Intrusion detection with git – the basics

How can you make sure all your system binaries and configuration files have not been compromised by an intruder? You can of course run rkhunter[1] or AIDE[2] on a regular base or via cron, but this is only going to show you, that a MD5 checksum has been changed.

Using git as an intrusion detection system is actually more useful than you might think. You can, for example also see what configuration has been changed or overwritten by an automated repository update or you can roll back to a previous working version of a specific apache vhost. If multiple system engineers work on the same machine, you will be able to evaluate what they have done and even make sure it was actually them.

Throughout this post series I will show you the power of git, sudo and gpg to create several layers of defence as well as a completely automated and comprehensible system documentation.

Cautions

Before you are going to git your entire filesystem, you need to consider a few important aspects.

First, the repository must explicitly be restricted to the administrative user root, otherwise everyone is able to search the git index for sensitive information.

Secondly, you only want to monitor important stuff and don’t want to be bothered by vim or shell history files or even fast-growing logfiles. Data directories and other locations such as the storage of your database should also be excluded or you might see git changes in almost realtime.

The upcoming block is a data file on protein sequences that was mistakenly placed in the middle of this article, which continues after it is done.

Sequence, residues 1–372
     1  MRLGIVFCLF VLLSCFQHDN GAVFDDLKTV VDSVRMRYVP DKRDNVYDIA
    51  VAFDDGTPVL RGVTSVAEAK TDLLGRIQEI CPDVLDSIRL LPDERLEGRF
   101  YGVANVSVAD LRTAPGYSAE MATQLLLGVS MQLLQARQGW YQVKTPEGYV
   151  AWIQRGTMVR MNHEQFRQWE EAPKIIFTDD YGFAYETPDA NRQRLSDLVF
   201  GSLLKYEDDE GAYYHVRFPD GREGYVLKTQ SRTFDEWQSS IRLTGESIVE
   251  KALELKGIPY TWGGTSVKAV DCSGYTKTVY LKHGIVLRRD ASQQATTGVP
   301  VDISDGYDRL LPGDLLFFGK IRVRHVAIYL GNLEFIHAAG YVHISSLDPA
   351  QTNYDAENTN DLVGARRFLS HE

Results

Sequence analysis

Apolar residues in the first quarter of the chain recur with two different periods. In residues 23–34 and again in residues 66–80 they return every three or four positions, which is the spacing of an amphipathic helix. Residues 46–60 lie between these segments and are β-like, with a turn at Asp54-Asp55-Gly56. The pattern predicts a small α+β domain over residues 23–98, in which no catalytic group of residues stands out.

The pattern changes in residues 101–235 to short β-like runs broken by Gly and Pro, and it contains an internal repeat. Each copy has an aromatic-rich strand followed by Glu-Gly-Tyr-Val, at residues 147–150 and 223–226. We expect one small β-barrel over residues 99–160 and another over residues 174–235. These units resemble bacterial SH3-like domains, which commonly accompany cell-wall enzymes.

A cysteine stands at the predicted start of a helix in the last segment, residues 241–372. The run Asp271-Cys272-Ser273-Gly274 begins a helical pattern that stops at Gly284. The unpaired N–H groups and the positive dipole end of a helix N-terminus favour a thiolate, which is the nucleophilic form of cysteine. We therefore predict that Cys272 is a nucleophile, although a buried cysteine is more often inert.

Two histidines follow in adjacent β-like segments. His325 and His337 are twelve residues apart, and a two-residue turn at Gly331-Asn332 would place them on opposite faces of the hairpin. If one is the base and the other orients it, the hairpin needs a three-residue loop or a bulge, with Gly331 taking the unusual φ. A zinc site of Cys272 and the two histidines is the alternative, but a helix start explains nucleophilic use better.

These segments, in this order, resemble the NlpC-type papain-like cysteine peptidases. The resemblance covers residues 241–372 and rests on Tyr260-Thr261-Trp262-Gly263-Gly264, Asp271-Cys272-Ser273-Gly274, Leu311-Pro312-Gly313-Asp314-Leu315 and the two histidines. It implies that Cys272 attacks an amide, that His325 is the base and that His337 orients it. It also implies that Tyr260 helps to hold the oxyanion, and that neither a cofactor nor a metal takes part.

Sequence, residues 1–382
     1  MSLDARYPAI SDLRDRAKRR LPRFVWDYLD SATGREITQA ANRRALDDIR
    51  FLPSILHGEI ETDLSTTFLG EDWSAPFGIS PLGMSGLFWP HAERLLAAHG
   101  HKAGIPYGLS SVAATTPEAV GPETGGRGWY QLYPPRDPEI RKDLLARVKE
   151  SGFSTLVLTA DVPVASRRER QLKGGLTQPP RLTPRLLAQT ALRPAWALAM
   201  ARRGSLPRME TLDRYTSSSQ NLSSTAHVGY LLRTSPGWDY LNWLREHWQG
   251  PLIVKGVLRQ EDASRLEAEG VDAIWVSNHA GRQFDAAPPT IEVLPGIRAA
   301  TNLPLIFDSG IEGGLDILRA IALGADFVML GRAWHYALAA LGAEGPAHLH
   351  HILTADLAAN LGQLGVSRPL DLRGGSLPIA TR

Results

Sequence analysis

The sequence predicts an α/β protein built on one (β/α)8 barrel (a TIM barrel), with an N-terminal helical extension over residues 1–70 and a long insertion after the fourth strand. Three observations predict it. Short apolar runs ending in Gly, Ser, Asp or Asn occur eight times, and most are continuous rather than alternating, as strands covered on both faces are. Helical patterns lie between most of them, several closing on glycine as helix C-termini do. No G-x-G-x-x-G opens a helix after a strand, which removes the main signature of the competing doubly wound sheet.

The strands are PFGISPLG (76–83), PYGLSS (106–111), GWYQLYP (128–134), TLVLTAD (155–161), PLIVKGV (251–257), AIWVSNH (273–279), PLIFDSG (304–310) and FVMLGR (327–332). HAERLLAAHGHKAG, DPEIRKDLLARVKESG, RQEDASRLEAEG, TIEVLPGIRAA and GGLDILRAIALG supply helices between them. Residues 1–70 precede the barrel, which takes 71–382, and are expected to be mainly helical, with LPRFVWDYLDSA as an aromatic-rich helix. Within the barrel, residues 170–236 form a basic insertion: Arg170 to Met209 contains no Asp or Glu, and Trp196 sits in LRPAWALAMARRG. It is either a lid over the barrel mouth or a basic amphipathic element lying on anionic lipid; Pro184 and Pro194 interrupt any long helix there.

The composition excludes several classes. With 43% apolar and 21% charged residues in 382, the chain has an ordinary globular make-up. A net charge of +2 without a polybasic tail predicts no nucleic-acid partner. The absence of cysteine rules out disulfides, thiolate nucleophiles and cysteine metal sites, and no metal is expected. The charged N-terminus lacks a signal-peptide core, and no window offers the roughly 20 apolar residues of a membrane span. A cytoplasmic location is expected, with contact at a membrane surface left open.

Note about compatibility

As I have secured many CentOS machines, I will use it as a reference. Please keep in mind that some differences might apply on other versions of Linux and especially on BSD or Solaris.

Git repository

First things first: Create a new git repository at the very root of your file system.

cd /
git init
touch /.gitignore

The crucial point is to immediately restrict access to this repository and the corresponding gitignore.

chown root:root /.git
chown root:root /.gitignore
chmod 700 /.git
chmod 600 /.gitignore

Before you are going to add everything to git, you should populate your .~/gitignore. Here is a very basic setup which is still manageable for beginners:

#######################################################################
# User defined wants
#######################################################################

# Comment this line out if you want to see sudo activity
/var/db/sudo/*


#######################################################################
# Standard Excludes
#######################################################################

######## 1.0) base ########
#/bin
/dev/
/home/
/lib
/lib64
/lost+found/
/media/
/mnt/
/opt/
/proc/
/run/
#/sbin
/shared/
/srv/
/sys/
/tmp/

######## 2.0) /boot ########
/boot/vmlinuz*
/boot/*.img
/boot/*.hmac
/boot/*.gz

######## 3.0) /etc ########
/etc/selinux/targeted/modules/active/modules/*.pp

######## 4.0) /root ########
/root/.bash_history
/root/.viminfo

######## 5.0) /usr ########
#/usr/bin/
/usr/games/
/usr/include/
/usr/lib/
/usr/lib64/
/usr/libexec/
#/usr/sbin/
/usr/share/
/usr/src/
/usr/tmp

######## 5.1) /usr/local ########
#/usr/local/bin/
/usr/local/games/
/usr/local/include/
/usr/local/lib/
/usr/local/lib64/
/usr/local/libexec/
#/usr/local/sbin/
/usr/local/share/
/usr/local/src/

######## 6.0) /var ########